Notice the controller is now called the presenter presumably due to its expanded responsibilities. It is also dependent on interfaces exposed by the view and model rather than concrete implementations. Esposito coins the term “presenter-first development” for this characteristic. This makes the view and model amenable to mocking, facilitating automated testing.
So What of the Model?
By this time, my questions concerning the model have been answered. Yes, the model in enterprise applications is the business logic layer (or a data layer for simpler applications). It is not directly related to presentation. MVP also addresses my other concern about the controller playing a larger role and eliminating the dependency between the view and model. Indeed by abstracting the model through an interface, who cares what the model really does now right? The same holds true for the view.
The View and Data Binding
ASP.NET, WPF, and Windows Forms offers a great data binding infrastructure that makes it easy for the presenter to update the view. The question is should the view contain the data binding code at all? The benefit of MVP is a “dumb” view. Does data binding code make it smarter and does that impact testability. In my opinion, this is a judgment call. Data binding certainly reduces complexity. If you are comfortable with not testing the data binding infrastructure then put the data binding code in the view. However, if you feel the need to put data binding logic in the presenter, then put the code in the presenter. Fowler calls these MVP variations Supervising Controller and Passive View respectively. In the case where you need to have complex logic that data binding doesn’t provide, then my opinion is to put that code in the controller where it can be tested.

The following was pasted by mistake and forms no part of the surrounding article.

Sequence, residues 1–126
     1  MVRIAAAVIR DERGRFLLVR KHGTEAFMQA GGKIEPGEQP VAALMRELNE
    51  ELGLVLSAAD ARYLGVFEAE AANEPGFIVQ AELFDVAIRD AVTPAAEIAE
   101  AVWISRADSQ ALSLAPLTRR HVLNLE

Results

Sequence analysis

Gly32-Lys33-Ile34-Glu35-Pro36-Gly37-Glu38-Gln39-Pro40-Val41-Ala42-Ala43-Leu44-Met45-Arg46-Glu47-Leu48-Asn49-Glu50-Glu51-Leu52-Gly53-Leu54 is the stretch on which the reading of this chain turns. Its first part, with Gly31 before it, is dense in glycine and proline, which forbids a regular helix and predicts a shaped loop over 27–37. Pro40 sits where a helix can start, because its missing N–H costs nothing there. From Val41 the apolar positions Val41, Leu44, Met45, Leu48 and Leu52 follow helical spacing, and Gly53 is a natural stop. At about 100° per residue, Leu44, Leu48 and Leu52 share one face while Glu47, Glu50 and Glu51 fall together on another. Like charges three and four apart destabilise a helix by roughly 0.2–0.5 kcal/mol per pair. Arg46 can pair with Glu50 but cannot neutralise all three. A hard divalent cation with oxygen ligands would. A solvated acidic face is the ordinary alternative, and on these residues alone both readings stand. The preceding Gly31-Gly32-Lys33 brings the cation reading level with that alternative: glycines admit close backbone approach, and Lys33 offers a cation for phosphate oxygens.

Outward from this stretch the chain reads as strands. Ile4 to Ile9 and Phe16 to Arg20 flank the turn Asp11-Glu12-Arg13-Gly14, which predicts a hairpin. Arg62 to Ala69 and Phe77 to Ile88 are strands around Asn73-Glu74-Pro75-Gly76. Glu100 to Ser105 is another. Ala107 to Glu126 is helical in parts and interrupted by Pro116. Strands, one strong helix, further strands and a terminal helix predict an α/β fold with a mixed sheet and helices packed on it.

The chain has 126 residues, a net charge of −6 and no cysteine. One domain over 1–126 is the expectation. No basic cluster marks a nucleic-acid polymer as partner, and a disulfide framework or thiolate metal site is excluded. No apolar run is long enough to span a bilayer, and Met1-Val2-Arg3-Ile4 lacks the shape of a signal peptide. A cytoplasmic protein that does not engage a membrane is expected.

Presentation Model is a variant of MVP. It is used in WPF and Silverlight applications. The model in this pattern plays a key role. The model is not the business logic or data layer as it is in MVP. Rather, it contains the state of the view. It is through the model that the view is updated. The view in Presentation Model is “dumb.” It only contains logic to render the controls. The controls’ properties are bound to properties on the model. Figure 3 shows Presentation Model in action. Note that the view and model data binding is bidirectional which WPF supports.
Esposito and Fowler really clarified MVC for me. The driver for the original MVC pattern was separation of concerns. As applications became more complex, MVP was devised to address testability concerns. Presentation Model is a further refinement that incorporates bidirectional data binding which facilitates testing and reduces some of the complexity of implementing a supervising controller. My key takeaway is that as long as the solution you’ve come up with meets the customer’s requirements and is testable, what patterns you use or don’t use is not important.